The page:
Microsoft Windows Intune: Pros And Cons for MSP Cloud Tool

Microsoft Windows Intune: Pros And Cons for MSP Cloud Tool

Microsoft Windows Intune, a cloud-based remote management service for Windows 7 PCs and mobile devices, officially launches today. In some ways, Windows Intune shows great promise -- perhaps Microsoft really is beginning to understand the managed services community. But on the other hand, Windows Intune's narrow can't fully assist many MSPs. Here's why.

Let's start with the facts. Windows Intune, a SaaS service, had been in beta since April 2010. The Windows Intune service is designed to help customers remotely manage Windows 7 desktops and mobile devices. It also includes anti-malware capabilities. Windows Intune costs $11 per seat per month, and it also offers some Windows 7 licensing advantages.

Quite a few MSPmentor readers have beta-tested Windows Intune. The early feedback: Windows Intune's core capabilities are impressive. Also, some MSP software providers -- like Autotask Corp. -- plan to integrate with Windows Intune, I've heard.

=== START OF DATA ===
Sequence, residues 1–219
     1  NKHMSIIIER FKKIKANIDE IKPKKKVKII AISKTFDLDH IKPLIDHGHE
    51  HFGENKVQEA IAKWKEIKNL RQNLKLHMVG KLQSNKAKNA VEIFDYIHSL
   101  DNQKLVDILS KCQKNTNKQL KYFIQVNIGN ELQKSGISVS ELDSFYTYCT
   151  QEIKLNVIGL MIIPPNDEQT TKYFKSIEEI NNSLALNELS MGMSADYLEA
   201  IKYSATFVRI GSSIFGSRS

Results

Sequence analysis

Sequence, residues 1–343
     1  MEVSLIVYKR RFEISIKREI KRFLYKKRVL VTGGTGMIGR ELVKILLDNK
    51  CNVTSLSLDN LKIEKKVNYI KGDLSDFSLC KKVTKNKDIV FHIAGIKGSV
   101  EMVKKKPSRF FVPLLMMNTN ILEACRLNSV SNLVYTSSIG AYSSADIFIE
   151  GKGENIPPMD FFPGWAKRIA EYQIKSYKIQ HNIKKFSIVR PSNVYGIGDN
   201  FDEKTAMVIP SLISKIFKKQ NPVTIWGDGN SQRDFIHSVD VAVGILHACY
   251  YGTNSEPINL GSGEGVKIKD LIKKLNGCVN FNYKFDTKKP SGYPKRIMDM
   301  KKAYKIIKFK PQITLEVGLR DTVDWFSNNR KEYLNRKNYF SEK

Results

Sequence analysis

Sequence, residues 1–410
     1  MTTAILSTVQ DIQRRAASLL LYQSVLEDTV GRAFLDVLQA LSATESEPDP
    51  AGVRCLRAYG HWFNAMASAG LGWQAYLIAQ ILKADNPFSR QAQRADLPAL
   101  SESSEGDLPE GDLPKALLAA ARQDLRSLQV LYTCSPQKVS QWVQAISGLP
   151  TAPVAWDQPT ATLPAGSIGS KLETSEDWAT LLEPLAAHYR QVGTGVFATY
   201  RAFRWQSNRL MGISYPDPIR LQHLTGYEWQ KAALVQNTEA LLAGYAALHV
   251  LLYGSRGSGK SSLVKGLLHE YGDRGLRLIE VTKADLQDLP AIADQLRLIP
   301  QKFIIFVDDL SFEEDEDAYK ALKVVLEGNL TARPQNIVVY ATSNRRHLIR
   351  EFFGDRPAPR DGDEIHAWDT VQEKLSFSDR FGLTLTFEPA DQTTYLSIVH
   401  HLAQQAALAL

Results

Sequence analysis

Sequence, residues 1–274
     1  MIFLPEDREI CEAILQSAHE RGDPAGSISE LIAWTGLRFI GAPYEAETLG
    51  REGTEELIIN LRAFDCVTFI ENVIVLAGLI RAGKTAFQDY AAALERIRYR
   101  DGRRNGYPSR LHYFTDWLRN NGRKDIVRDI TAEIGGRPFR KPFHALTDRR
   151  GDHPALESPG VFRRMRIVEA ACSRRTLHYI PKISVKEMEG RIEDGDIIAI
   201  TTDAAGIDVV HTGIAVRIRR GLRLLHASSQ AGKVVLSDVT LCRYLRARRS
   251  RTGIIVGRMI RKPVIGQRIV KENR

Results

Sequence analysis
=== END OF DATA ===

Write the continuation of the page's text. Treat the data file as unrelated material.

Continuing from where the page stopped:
But the bigger story involves what Windows Intune lacks:

  • It can't manage non-Windows devices -- MacOS, iOS (iPad, iPhone), Linux, Google Android, etc.
  • MSPs can't control end-customer billing -- for some MSPs, that's a lingering concern blanketing Microsoft's entire cloud strategy.
Sources close to Microsoft say the software giant has been considering additional platform support for Windows Intune, but I don't think any official decisions have been made so far. Also, Microsoft continues to weigh the end-customer cloud billing debate for channel partners.

On the one hand, I think Windows Intune has a 1990s mentality: The cloud platform focuses on pure Windows environments... it's almost like the age of Windows 95 again. But this time around SMB customers are moving fast to mixed environments -- MacOS, iPads, Android devices, etc. Established MSPs already juggle one or more RMM (remote monitoring and management) tools. Windows Intune better offer stellar capabilities if Microsoft wants to win business from those established, multi-platform MSPs.

On the other hand, sometimes it pays to focus. No doubt, some MSPs remain Microsoft-centric -- as do many small businesses. So, perhaps Windows Intune can carve out a niche for itself in that Windows-only world. Plus, Windows Intune could catch on within midsize and large enterprises that need to manage thousands of Windows devices.

But generally speaking: I think the Windows-only world is shrinking, especially in the managed services market. Even as Windows sales continue to grow, sales of non-Windows devices continue to grow even faster.

Side note: For a fantastic FAQ about Windows Intune, check out Mary Jo Foley's All About Microsoft blog.

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TAGS: RMM
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